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Re: users and connections
Steve, I cannot find a copy of ISO 7498-2 anywhere in the RFCs.
Therefore, I don't have any idea what you are talking about. ISO 7498-2
is meaningless in the Internet context, and is not cited by our RFC.
The term "connection" in the Internet has long (more than a decade,
maybe even 2 decades) refered to a pair of ports, usually TCP ports.
The term "connection" is the same used in Bellovin's paper that is cited.
The text in RFC-1829 is about the need for integrity when combined with
some other service. In that much we agree. Indeed, TCP is explicitly
It has been privately suggested that to avoid confusion, the word
"session" could be substituted for "connection". Has some obscure
ISO document mandated "session" for some other purpose as well?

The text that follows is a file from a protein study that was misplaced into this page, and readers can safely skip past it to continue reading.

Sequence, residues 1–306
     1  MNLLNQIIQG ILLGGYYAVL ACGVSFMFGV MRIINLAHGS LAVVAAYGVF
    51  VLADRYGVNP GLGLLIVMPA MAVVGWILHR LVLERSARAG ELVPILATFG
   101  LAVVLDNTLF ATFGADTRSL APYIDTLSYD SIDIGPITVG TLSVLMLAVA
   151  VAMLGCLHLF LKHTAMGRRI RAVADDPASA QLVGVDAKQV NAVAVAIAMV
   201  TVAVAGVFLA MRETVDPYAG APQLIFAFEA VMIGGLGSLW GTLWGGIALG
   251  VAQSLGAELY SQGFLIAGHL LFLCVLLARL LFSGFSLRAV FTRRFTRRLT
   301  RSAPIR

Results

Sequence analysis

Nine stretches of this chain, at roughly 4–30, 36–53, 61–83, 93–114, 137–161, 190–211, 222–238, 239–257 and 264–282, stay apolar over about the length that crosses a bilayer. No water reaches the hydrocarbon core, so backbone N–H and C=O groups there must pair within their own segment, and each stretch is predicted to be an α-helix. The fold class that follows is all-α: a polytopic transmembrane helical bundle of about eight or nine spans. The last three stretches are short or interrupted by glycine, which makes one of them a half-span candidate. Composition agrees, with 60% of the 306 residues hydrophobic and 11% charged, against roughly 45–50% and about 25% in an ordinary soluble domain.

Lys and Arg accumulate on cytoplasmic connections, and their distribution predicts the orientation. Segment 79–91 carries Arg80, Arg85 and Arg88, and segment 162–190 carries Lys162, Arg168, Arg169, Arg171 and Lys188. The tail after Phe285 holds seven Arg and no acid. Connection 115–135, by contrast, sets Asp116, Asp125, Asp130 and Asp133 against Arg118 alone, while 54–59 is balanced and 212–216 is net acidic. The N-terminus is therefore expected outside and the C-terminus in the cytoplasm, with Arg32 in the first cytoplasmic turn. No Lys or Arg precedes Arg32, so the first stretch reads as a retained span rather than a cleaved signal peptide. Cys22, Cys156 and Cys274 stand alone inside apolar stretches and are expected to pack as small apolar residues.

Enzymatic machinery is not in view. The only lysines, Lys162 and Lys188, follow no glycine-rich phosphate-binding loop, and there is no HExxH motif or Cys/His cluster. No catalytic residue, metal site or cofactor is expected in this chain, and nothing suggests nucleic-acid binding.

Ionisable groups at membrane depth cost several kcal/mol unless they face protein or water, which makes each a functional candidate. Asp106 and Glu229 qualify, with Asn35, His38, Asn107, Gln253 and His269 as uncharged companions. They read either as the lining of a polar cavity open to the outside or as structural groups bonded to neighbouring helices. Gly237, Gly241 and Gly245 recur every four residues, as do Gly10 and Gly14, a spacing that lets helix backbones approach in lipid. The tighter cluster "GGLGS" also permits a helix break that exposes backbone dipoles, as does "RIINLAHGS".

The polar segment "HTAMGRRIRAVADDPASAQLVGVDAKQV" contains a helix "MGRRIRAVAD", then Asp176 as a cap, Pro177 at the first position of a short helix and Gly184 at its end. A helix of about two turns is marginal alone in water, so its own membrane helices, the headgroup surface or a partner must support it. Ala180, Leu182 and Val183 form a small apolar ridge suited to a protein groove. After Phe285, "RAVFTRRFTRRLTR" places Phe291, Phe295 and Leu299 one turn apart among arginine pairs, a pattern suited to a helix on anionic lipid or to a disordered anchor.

> From: Stephen Kent <firstname.lastname@example.org>
> The term "connection-oriented integrity" is not really appropriate
> in the IPSEC environment, even when the anti-replay option is enabled. The
> fact that we may provide keying at a per-connection or per-user granularity
> does not, in itself, represent connection-oriented integrity. What we
> provide is data origin authentication and connectionless integrity, and
> anti-replay provides what might be termed "partial" sequence integrity.
> However, we don't treat out of order arrival to be an error, unless it
> represents a (real or potential) replay, so what we provide in IPSEC is not
> connection-oriented integrity (as per ISO 7498-2). However, if we have TCP
> operating above IPSEC, and we are employing integrity (with or without
> anti-replay) then we are supporting connection-oriented integrity provided
> by TCP, even though IPSEC is not providing this service per se.
Key fingerprint = 17 40 5E 67 15 6F 31 26 DD 0D B9 9B 6A 15 2C 32
Key fingerprint = 2E 07 23 03 C5 62 70 D3 59 B1 4F 5E 1D C2 C1 A2